Strength in Numbers: Emotion Regulation, Psychological Functioning, and the Context of Oppression

Open Access
Perez, Christopher R.
Graduate Program:
Master of Science
Document Type:
Master Thesis
Date of Defense:
November 03, 2009
Committee Members:
  • Jose Angel Soto, Thesis Advisor
  • emotion regulation
  • cognitive reappraisal
  • expressive suppression
  • depression
  • life satisfaction
  • oppression
  • diversity
  • ethnic minority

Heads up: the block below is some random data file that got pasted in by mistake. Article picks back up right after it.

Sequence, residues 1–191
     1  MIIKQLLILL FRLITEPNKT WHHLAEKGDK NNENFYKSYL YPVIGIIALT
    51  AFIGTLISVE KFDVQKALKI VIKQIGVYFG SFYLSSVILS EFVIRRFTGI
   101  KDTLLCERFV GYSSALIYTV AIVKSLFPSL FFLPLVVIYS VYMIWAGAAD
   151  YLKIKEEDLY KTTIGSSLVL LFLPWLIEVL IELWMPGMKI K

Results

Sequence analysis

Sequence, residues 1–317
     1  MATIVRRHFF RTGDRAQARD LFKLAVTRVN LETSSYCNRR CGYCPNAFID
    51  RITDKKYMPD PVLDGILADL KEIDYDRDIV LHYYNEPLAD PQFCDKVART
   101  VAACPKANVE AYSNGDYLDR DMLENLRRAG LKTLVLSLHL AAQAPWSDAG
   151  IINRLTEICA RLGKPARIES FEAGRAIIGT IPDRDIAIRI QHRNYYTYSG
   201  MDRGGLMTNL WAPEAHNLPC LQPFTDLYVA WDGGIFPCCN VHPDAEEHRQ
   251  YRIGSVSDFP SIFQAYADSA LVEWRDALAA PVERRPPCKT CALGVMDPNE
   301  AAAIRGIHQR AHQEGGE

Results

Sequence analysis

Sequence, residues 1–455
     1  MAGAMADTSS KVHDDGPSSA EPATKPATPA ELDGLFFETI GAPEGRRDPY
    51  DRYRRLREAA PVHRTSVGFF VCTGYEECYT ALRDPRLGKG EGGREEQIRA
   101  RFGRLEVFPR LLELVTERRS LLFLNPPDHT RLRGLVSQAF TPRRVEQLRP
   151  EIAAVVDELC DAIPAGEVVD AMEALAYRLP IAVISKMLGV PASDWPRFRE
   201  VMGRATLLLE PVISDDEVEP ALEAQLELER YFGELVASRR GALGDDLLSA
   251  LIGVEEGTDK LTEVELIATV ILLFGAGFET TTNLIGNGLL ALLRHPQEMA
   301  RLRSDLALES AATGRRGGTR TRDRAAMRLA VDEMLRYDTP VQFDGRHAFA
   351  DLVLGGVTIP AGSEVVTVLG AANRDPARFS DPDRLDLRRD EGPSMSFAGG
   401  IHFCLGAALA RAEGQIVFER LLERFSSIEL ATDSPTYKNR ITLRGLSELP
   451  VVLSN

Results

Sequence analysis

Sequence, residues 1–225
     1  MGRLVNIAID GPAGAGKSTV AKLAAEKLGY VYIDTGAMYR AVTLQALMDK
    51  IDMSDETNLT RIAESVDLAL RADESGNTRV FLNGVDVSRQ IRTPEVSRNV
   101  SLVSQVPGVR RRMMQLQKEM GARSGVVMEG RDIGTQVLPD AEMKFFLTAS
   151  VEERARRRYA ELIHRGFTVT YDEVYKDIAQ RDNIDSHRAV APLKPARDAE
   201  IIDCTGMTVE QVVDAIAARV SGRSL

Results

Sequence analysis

Research on emotion regulation has shown that cognitive reappraisal predicts better psychological functioning (as measured by reports of depressive symptoms and life satisfaction) and expressive suppression indicates poorer psychological functioning. However, prior research has failed to account for contextual influences on these important relationships. This study utilized 389 European American, Latino American, and Puerto Rican college students in order to examine how these relationships unfold across three Unites States ethnic groups that represent different contexts of oppression: Puerto Ricans experiencing distal oppression (societal level) but not proximal oppression (immediate environment), Latino Americans experiencing both distal and proximal oppression, and European Americans experiencing neither. Furthermore, individual beliefs regarding oppression of one’s group and implications of that oppression are captured by measuring oppressed minority ideology (OMI). As expected, results showed that when collapsing across the three groups reappraisal negatively predicted depression and positively predicted life satisfaction, while suppression positively predicted depression. Additionally, results confirmed the moderating role that differing contexts of oppression (as measured by ethnic group membership and OMI) play in the relationship between reappraisal and psychological functioning. For Latino Americans high on OMI, reappraisal was negatively associated with psychological functioning. For Puerto Ricans, regardless of OMI, this relationship remained positive, revealing the possible benefit of being surrounded by similar others. The findings highlight the importance and complexity of studying diverse contexts in understanding the relationship between emotion regulation and psychological functioning.